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Your Production Secrets for Ambient and Drone
MUFF WIGGLER Forum Index -> Production Techniques  
Author Your Production Secrets for Ambient and Drone
frank1985
I've picked up so many cool tips over the past year relating to the production of these genres, and never get tired of discovering new things and trying out new techniques. So as I've scowered every crevice of the net already i'm just looking for some fresh insight. After all, the best way to learn is not only through your own experimentation, but also from those who are more experienced and have a tried and tested approach the craft.

I'll start with my own contribution, but it's hardly a 'secret' ...

Don't be afraid to go nuts with reverb for the 'rear' elements of the soundscape - bounce, add more layers, rebounce etc...

Hopefully you can share something more profound, and nothing obvious like ''less is more'', ''use paul stretch'' etc.
Koekepan
Think very carefully about the nature of the space that you're attempting to represent, and the soundstage location of the elements in that space. Once you grasp those, you'll be able to decide what your reverb and delay and echo should be doing.
sizone
I usually start by picking the first pitch, then picking the second pitch.
slumberjack
Koekepan wrote:
Think very carefully about the nature of the space that you're attempting to represent, and the soundstage location of the elements in that space. Once you grasp those, you'll be able to decide what your reverb and delay and echo should be doing.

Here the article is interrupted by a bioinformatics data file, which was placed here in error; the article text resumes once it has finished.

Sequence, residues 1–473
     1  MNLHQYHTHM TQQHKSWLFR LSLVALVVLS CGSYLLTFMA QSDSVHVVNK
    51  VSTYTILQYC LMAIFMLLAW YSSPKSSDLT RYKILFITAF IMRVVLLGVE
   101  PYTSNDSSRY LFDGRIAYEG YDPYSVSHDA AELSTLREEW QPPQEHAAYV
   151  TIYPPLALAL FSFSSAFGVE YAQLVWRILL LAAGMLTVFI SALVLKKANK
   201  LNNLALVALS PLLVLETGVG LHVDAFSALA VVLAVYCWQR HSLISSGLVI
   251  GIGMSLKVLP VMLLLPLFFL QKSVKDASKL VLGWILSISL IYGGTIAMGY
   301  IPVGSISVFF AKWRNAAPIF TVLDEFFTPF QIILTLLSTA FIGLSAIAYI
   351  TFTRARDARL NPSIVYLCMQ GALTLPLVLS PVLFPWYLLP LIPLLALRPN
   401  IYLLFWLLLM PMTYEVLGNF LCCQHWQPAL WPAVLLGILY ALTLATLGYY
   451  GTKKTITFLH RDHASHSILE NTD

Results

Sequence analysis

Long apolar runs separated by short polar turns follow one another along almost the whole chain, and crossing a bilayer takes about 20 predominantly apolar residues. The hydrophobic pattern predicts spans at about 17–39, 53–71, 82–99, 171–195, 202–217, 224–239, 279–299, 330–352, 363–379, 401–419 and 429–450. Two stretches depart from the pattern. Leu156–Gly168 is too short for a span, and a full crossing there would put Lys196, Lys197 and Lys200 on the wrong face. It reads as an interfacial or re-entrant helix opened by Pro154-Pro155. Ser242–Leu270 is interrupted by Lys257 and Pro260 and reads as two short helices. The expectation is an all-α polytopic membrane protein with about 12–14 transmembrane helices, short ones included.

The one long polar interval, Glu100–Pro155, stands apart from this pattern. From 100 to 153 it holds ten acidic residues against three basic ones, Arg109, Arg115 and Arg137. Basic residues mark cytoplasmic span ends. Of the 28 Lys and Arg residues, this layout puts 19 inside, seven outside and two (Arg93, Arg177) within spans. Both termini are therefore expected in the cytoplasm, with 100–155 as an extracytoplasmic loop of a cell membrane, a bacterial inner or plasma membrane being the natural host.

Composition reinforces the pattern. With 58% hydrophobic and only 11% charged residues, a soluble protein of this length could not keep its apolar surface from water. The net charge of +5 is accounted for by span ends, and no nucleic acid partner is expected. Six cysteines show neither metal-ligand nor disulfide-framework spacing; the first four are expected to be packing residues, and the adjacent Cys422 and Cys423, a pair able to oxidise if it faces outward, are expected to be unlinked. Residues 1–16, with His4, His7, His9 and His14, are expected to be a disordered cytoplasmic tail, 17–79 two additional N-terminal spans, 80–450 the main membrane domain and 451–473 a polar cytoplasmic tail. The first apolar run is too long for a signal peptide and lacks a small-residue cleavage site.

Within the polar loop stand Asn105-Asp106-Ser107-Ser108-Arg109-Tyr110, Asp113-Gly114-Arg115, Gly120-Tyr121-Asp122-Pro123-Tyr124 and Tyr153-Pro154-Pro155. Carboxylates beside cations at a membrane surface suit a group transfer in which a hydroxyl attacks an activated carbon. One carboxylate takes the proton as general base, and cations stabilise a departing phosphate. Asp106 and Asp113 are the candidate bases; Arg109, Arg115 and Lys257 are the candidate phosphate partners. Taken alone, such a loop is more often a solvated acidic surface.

i leave that here with no comment:



Muzone
I think of "ambient" and "drone" as more or less opposite - for me ambient is an open mix of fairly low volume sounds with plenty of room for effects and a lot of "air".
Drone is more of a dense composition with the feel coming from the different sounds "beating" or "phasing" off each other rather than any FX, except perhaps distortion.
I find reverb/delay on continuous sounds just muddles up the mix, maybe a little verb on some subgroups to stage the sound, but certainly not as an overt effect like "blue box" shimmer etc

Anyway, just some ramblings to wake the thread up rather than anything else....
GrantB
From the place between ambient and drone, including a heaping helping of the blue box (not shimmer though):



In this video I had oscillators 3-4 on the Lyra tuned too close to the root and fifth in the base octave, which is the real mud maker and I ended up mostly avoiding those notes. So the ambient tip (well known to the ambient guitar crowd) is to voice your chords extra wide.
timoka
try to compose your piece without reverb and delay first, understand how to create the sense of space with volume, panning and filtering. then add effects to taste at the end, you mostly find yourself using different spaces and way less than if you try to create space by slapping a reverb on a sound at the very start. or you could go outside with a mobile setup and search for the spaces you want, caves, fields etc and rerecord your sounds there, mixed with the natural reverberation plus field recordings. good luck finding your own voice in this oversaturated genre!
CosmicFlight
I like to resample the wet reverb sound into a granular synth
johnnywoods